Growth of workplace parking tax slammed
23 February 2010
Author: Rachel Burgess
Plans for workplace parking taxes are emerging across the UK, with York and Exeter city councils first to follow Nottingham's confirmed scheme by revealing proposals for charging businesses that provide parking for employees.
However, the Forum of Private Business branded the additional tax burden, intended to cut congestion and reduce carbon emissions, as "unfair, unsustainable and unacceptable".
"It is an attempt to tax struggling businesses for employing people at a time when we should be facilitating them to take on staff. Instead we are penalising them," a spokesman told BusinessCar. "It is very much a case of looking for short-term gain at the expense of longer term economic stability."
South West Water, which employs around 500 people in Exeter, said it would have to examine the proposal's implications but would prefer a scheme "encouraging people to use other methods of transport rather than penalising those who have to use their vehicles to provide essential services".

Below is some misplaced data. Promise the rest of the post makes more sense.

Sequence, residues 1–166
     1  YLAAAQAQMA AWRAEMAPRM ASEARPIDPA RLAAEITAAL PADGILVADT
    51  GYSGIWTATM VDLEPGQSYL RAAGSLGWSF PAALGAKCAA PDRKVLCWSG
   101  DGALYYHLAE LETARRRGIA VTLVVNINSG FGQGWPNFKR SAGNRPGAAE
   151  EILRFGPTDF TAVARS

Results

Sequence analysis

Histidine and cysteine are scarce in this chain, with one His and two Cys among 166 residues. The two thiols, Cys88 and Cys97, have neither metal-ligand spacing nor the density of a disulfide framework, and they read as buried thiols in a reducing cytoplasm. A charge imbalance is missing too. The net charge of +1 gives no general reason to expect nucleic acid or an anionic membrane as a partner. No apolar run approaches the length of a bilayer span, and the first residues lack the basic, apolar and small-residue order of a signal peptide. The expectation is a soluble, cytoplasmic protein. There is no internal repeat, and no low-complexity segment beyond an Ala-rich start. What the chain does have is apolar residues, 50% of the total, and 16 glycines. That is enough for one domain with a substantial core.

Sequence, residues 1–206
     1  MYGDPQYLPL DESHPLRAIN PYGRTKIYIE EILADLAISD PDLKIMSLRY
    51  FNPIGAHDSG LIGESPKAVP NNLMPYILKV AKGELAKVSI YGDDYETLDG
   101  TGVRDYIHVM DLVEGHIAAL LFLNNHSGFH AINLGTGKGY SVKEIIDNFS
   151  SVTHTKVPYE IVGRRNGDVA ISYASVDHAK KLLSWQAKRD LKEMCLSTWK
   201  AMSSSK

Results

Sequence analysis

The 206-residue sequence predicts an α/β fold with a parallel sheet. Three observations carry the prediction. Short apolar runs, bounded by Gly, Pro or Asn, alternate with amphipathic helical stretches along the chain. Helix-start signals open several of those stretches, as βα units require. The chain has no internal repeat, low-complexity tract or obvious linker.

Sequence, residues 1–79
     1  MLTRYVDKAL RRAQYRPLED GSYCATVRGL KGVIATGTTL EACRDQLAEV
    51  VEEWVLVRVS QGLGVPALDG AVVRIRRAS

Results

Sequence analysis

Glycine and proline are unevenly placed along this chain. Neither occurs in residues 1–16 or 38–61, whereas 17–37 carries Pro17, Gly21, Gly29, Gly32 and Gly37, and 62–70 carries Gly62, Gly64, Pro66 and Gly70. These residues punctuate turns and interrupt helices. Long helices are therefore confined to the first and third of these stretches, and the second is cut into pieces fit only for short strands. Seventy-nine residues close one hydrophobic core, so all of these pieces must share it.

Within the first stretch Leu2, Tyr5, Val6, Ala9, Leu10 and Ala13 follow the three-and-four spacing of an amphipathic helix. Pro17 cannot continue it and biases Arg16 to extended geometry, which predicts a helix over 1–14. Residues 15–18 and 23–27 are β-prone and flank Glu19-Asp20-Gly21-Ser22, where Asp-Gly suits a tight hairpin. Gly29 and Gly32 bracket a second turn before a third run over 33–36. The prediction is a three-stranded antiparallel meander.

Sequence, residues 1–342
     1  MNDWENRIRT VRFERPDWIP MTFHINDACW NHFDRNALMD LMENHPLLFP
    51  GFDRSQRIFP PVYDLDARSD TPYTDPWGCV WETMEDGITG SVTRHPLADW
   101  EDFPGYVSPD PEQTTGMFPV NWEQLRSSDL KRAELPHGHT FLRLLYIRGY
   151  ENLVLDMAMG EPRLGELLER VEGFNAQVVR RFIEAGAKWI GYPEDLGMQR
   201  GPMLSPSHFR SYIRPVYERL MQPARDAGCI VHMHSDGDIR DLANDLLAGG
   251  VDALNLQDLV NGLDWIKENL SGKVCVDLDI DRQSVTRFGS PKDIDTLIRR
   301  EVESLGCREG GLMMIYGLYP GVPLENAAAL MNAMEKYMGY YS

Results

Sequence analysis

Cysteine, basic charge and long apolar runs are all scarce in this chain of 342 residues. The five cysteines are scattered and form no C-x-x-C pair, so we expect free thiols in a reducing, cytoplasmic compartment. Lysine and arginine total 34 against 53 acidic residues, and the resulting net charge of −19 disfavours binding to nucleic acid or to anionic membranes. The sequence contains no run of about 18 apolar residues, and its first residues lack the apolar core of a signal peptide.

But John Rigby, director of economy and development at Exeter City Council, said a Workplace Parking Levy is an effective way of managing demand, adding that without it, congestion will continue. "It is more effective to charge people who currently pay nothing to park, than to extract money from those who pay parking charges already," Rigby said.
York Chamber of Commerce president Shaun Watt claimed there is "little evidence" that a WPL will reduce congestion in the city, and is worried about the impact on York's long-term prospects. "We are concerned that if the WPL is introduced then we could see new businesses turning away from our city and setting up elsewhere," he said.
In a further development, Conservative leader David Cameron has now said that, despite the party previously opposing such schemes, if it wins this year's general election it will leave it up to local councils to decide whether or not to introduce WPLs, suggesting a lack of resistance to schemes becoming widespread.